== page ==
Remember that your doctor has prescribed this medication because he or she has judged that the benefit to you is greater than the risk of side effects. Many people using this medication do not have serious side effects. Tell your doctor immediately if any of these unlikely but serious side effects occur: signs of infection (., fever, persistent sore throat), bone/joint pain, increased thirst/urination, fast/slow/irregular heartbeat, eye pain/pressure, vision problems, heartburn, black stools, vomit that looks like coffee grounds, puffy face, swelling of the ankles/feet, stomach/abdominal pain, pain/redness/swelling of arms/legs, tiredness, mental/mood changes (., depression, mood swings, agitation), unusual hair/skin growth, muscle pain/cramps, weakness, easy bruising/bleeding, slow wound healing, thinning skin, seizures. A very serious allergic reaction to this drug is rare. However, seek immediate medical attention if you notice any symptoms of a serious allergic reaction, including: rash, itching/swelling (especially of the face/tongue/throat), severe dizziness, trouble breathing. This is not a complete list of possible side effects. If you notice other effects not listed above, contact your doctor or pharmacist. In the US - Call your doctor for medical advice about side effects. You may report side effects to FDA at 1-800-FDA-1088. In Canada - Call your doctor for medical advice about side effects. You may report side effects to Health Canada at 1-866-234-2345. Read the entire patient information overview for Decadron (Dexamethasone )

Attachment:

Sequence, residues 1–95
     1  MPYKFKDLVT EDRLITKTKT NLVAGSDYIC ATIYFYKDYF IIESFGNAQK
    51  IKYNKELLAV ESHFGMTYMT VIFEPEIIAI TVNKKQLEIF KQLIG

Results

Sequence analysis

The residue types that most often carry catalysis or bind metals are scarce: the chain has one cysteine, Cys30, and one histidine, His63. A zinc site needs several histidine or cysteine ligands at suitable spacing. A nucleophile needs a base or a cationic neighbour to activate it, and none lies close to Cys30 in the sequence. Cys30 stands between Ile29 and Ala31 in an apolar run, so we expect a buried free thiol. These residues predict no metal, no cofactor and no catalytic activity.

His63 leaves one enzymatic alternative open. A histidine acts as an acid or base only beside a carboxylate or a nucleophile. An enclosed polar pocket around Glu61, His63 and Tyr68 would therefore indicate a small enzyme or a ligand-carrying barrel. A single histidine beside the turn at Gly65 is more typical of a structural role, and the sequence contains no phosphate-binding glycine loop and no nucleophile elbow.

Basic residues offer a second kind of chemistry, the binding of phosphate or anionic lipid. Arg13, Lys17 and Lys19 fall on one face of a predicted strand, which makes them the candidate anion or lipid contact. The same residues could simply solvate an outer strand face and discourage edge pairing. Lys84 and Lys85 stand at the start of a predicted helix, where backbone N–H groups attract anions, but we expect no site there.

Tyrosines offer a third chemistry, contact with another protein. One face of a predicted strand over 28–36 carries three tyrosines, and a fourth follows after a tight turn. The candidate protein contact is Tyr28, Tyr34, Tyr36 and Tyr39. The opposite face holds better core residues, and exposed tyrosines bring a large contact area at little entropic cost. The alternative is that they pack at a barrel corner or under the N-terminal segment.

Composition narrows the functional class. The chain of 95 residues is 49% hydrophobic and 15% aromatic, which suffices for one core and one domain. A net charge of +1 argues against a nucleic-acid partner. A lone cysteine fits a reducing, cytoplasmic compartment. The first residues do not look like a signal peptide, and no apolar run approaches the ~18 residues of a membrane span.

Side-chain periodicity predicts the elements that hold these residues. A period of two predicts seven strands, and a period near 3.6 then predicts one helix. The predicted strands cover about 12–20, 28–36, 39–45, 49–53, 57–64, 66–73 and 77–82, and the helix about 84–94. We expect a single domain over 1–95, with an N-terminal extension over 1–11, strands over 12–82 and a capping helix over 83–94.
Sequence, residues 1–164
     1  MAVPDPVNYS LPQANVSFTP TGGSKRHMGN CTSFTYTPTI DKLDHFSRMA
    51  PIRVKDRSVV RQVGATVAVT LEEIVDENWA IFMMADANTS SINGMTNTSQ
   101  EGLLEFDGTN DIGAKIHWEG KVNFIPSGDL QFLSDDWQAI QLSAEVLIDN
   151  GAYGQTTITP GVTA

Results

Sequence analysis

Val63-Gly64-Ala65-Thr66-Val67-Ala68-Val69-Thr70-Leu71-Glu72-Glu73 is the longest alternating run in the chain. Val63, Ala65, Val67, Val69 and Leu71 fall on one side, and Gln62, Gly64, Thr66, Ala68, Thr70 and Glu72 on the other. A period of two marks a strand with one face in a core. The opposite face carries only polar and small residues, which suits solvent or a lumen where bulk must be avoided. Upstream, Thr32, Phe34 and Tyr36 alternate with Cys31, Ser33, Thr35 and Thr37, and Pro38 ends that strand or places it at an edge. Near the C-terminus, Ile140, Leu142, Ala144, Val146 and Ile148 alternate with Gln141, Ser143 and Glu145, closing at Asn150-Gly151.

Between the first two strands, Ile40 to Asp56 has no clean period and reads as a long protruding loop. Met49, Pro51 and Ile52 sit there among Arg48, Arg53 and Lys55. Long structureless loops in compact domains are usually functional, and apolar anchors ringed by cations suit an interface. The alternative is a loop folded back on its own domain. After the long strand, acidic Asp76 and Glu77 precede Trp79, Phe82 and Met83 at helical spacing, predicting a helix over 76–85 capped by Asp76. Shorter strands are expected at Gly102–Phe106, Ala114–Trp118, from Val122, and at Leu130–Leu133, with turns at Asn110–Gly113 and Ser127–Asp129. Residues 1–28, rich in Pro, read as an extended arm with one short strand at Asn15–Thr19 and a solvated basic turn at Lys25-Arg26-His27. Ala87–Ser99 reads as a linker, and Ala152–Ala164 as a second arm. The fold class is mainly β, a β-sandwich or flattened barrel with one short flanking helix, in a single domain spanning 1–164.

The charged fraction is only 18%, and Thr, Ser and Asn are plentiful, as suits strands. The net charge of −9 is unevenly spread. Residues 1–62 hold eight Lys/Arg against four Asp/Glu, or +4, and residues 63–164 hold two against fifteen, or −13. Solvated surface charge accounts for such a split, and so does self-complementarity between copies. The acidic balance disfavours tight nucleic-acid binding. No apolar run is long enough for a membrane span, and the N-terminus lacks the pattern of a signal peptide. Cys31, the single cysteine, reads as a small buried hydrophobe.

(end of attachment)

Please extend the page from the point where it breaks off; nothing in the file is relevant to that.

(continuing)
Author: Charles Davis, MD, PhD, Research Director, Professor of Emergency Medicine, Department of Surgery, Division of Emergency Medicine, University of Texas Health Science Center at San Antonio.